“We developed the 7 Step process to give our clients the information they need to get started on implementing more robust cyber security practices,” said John Cusimano, director of security at exida. 

“Security researchers and hackers have identified numerous vulnerabilities in the products used in industrial operations – specifically the water, energy and transportation industries – and it’s absolutely vital that companies start now to secure core components through best practice policies and industrially-focused security technologies,” said Byres. “We now know that Stuxnet and Flame remained hidden in their target networks for years – by the time worms like these start to do damage, it is too late to defend against them.”

Additional information on securing critical infrastructure is available in the white paper “7 Steps to ICS and SCADA Security.”

Additional Information

Press Release

Tofino Security provides practical and effective industrial network security and SCADA security products that are simple to implement and that do not require plant shutdowns. Its products include configurable security appliances with a range of loadable security modules plus fixed function security appliances made for specific automation vendor applications. Tofino Security products protect zones of equipment on the plant floor, and are complementary to Belden’s Hirschmann brand, which leads industrial networking solutions. Both groups service and secure industrial networks in the oil and gas, utilities, transportation and automation industries.

About Belden
St. Louis-based Belden Inc. designs, manufactures, and markets cable, connectivity, and networking products in markets including industrial automation, enterprise, transportation, infrastructure, and consumer electronics. It has approximately 6,800 employees, and provides value for industrial automation, enterprise, education, healthcare, entertainment and broadcast, sound and security, transportation, infrastructure, consumer electronics and other industries. Belden has manufacturing capabilities in North America, South America, Europe, and Asia, and a market presence in nearly every region of the world. Belden was founded in 1902, and today is a leader with some of the strongest brands in the signal transmission industry. For more information, visit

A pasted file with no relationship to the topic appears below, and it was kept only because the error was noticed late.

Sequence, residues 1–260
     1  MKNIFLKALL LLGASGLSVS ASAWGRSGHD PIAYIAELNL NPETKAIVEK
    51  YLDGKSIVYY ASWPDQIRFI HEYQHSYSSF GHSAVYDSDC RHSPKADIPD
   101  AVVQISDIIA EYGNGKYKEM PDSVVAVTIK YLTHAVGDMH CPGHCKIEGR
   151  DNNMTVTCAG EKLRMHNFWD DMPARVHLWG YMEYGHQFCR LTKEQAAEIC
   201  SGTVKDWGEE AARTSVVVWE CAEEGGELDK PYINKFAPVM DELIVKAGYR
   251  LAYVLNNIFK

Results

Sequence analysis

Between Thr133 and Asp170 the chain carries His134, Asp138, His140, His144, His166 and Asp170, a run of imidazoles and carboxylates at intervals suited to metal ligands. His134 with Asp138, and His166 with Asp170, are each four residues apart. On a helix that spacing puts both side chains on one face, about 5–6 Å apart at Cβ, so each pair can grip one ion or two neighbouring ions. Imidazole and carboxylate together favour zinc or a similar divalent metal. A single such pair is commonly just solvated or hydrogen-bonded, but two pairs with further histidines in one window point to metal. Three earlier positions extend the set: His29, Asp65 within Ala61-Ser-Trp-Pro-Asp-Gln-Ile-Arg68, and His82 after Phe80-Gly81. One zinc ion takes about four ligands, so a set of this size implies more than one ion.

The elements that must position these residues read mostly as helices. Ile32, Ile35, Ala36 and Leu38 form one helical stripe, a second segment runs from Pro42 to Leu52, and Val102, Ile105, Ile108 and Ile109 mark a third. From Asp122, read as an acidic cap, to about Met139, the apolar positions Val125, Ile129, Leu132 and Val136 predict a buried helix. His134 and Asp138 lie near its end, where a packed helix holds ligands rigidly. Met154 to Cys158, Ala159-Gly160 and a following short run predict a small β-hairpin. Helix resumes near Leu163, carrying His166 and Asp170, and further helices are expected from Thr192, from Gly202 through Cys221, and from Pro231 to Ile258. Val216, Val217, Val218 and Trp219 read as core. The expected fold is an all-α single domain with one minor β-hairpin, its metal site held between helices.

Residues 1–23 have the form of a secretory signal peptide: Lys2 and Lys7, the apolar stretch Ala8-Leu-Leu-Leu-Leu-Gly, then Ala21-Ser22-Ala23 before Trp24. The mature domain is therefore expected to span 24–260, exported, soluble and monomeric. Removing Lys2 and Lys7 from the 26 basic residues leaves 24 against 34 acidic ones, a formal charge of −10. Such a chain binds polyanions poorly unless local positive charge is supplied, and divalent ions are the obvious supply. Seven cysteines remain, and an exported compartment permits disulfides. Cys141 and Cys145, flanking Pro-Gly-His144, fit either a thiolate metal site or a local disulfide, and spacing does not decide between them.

About exida
exida is a world leading engineering services & certification body focused on helping automation suppliers and users improve the safety, security and reliability of their industrial automation sys-tems. Established by several of the world’s top safety, security, and reliability experts, the company is owned by these partners and independent of any vendor ownership. exida’s main offices are located in Sellersville, PA, USA and Munich, Germany with service centers worldwide.


For more information, contact:

George Robertson

Joann Byres

Belden, Belden Sending All The Right Signals, Tofino and the Belden logo are trademarks or registered trademarks of Belden Inc. or its affiliated companies in the United States and other jurisdictions. Belden and other parties may also have trademark rights in other terms used herein.